Last Updated on October 26, 2018, by eNotes Editorial. Word Count: 861
Enter Melanie—and Marshall
Melanie Ross, who, like April, is eleven years old, arrives at the Halls' apartment a few minutes before noon on that same day. The friendly little girl does not know much about Mrs. Hall's granddaughter, but she hopes that she is close to her in age, and...
(The entire section contains 861 words.)
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Enter Melanie—and Marshall
Melanie Ross, who, like April, is eleven years old, arrives at the Halls' apartment a few minutes before noon on that same day. The friendly little girl does not know much about Mrs. Hall's granddaughter, but she hopes that she is close to her in age, and that they might become friends. Melanie is quite surprised, however, when the newcomer opens the apartment door to her knock. April has her hair stacked up in a pile on her head; she has an ostentatious "fur thing" wrapped around her shoulders, and is wearing clumsily-attached pair of ludicrous false eyelashes.
Recovering from her initial shock, Melanie introduces herself, explaining that she has come to bring April up to her family's apartment for lunch. Casually, she asks if her new acquaintance will be staying with her grandmother long, but April responds dismissively that she will only be staying a short while, just until her mother, who is traveling with a band right now, is finished with her tour. Melanie recognizes that April is "showboating," but concludes that she is acting that way because she is homesick.
Up in the Rosses' apartment, April meets Melanie's mother and four-year-old brother Marshall. Melanie's mother is a sharp, neat-looking woman, and April senses that she is one adult who will not be easy to fool. During lunch, April talks a lot about Hollywood, where she most recently lived with her mother, and about the movie stars she has met. Afterward, Mrs. Ross, unfazed by the visitor's braggadocio, suggests that April might like to look at Melanie's books, to see if there is something she might be interested in borrowing.
Melanie is an avid reader, and has quite an extensive "library" in her room. At first, April feigns indifference, but in reality, she loves to read and is quickly caught up in the fascinating selection of items in her new friend's bookcase. By chance, she discovers a collection of what appears to be paper dolls in a particularly dull-looking book. Melanie, who uses them to represent players in an imaginary game in which she makes up complicated storylines for characters she creates, at first fears that April might laugh at her for playing with paper dolls at her age. April, however, is charmed with the idea and the two girls spend the rest of the afternoon concocting exciting escapades for the paper doll "families."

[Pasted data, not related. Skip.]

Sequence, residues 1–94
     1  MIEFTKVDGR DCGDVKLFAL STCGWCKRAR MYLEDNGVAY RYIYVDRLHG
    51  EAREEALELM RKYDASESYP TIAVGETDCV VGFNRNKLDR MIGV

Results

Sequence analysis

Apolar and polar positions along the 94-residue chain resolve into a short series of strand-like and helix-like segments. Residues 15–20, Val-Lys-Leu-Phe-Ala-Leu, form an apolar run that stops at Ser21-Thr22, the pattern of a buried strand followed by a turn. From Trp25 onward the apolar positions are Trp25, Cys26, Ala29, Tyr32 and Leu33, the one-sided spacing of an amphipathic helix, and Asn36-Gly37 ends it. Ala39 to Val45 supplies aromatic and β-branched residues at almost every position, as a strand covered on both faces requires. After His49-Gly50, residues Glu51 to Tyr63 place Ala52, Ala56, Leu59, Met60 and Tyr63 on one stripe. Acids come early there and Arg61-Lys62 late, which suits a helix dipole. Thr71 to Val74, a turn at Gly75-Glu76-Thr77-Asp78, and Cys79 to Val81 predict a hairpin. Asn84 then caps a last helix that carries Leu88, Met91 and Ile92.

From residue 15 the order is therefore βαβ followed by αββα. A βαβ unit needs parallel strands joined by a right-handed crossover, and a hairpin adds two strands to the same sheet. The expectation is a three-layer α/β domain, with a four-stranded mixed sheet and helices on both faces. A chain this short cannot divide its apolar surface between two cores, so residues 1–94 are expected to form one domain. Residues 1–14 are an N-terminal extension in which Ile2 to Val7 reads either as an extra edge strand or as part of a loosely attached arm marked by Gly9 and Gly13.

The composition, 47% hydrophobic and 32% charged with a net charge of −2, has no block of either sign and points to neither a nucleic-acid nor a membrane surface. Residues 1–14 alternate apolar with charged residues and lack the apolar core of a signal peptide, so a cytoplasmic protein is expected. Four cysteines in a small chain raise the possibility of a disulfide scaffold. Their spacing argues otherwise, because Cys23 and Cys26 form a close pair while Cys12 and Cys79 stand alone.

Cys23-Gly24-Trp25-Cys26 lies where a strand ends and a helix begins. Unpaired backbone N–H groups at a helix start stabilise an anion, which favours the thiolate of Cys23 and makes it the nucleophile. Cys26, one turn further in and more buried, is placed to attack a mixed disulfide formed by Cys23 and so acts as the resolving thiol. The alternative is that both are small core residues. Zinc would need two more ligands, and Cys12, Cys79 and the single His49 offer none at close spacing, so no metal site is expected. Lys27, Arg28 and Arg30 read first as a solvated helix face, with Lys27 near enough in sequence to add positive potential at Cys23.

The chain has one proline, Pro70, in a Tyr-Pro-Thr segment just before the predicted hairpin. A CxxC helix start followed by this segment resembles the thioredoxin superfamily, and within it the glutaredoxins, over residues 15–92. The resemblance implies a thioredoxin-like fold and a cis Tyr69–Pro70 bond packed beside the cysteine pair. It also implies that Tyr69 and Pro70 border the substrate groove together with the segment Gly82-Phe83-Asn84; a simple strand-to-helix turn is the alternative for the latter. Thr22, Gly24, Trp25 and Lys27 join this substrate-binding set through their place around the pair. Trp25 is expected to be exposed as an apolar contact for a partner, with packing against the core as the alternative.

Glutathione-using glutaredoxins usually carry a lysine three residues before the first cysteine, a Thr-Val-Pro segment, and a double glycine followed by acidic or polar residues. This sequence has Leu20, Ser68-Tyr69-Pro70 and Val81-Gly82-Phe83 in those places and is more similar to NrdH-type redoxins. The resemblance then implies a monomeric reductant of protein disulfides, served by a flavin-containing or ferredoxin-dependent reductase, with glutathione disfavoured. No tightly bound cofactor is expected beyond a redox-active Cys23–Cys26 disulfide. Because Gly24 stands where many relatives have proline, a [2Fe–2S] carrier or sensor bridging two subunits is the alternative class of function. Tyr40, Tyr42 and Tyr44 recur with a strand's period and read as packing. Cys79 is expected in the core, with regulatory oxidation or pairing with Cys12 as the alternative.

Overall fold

When it is time to for her to go home, April's attitude of affected haughtiness returns, but Melanie does not allow herself to be put off by her friend's behavior. She tells April, "none of my friends know how to play imagining games the way you do," and April replies, "imagining games are just about all I ever play because most of the time I never have anybody to play with."
The Egypt Girls
April and Melanie hang out together all through the month of August. They play in each others' apartments, watch Marshall while Mrs. Ross attends classes at the university, and sometimes go to the library. It is at the library that April one day finds a new book about Egypt, which she passes on to Melanie. It is not long before the girls have unearthed and read "just about everything the library [has] to offer" on the topic, which is one that has long intrigued both girls. By the end of the month, the two have developed a system of hieroglyphics for writing secret messages, and, at the library at least, they are beginning to be called "the Egypt Girls."
There is one thing that mars these halcyon days, however, and that is the imminent beginning of school. April knows from experience how difficult it is to be the "new kid" in class, and begins to have nightmares about it. In addition, she has heard almost nothing from her mother; she has received only one very short postcard from Dorothea during the whole time she has been with her grandmother.
Melanie, on her part, is worried about how her new friend will adjust at Wilson School as well. She has found April to be "the most exciting friend [she] has ever had," but she also sees that the the one thing that April does not know much about is getting along with others. With Melanie, April is herself, but with other kids she immediately reverts to her "Hollywood" facade, acting "terribly grown-up and bored with everything." Melanie is afraid that the kids at Wilson will not stand for her fakeness, which they will recognize immediately if she wears her false eyelashes. Melanie tries to talk to April about the eyelashes, but her friend is defiant. Desperate, Melanie begins to develop a plan to prevent her from wearing the outlandish eyelashes to school on the first day.
On the Saturday before school begins, April and Melanie return to Egypt. Pretending that they are being watched by Syrian spies, they take a number of elaborate, evasive actions along the way. When they arrive safely at the fence surrounding the Professor's yard, they are refreshingly out of breath, and excited to continue their adventures in their imaginary world of ancient intrigue.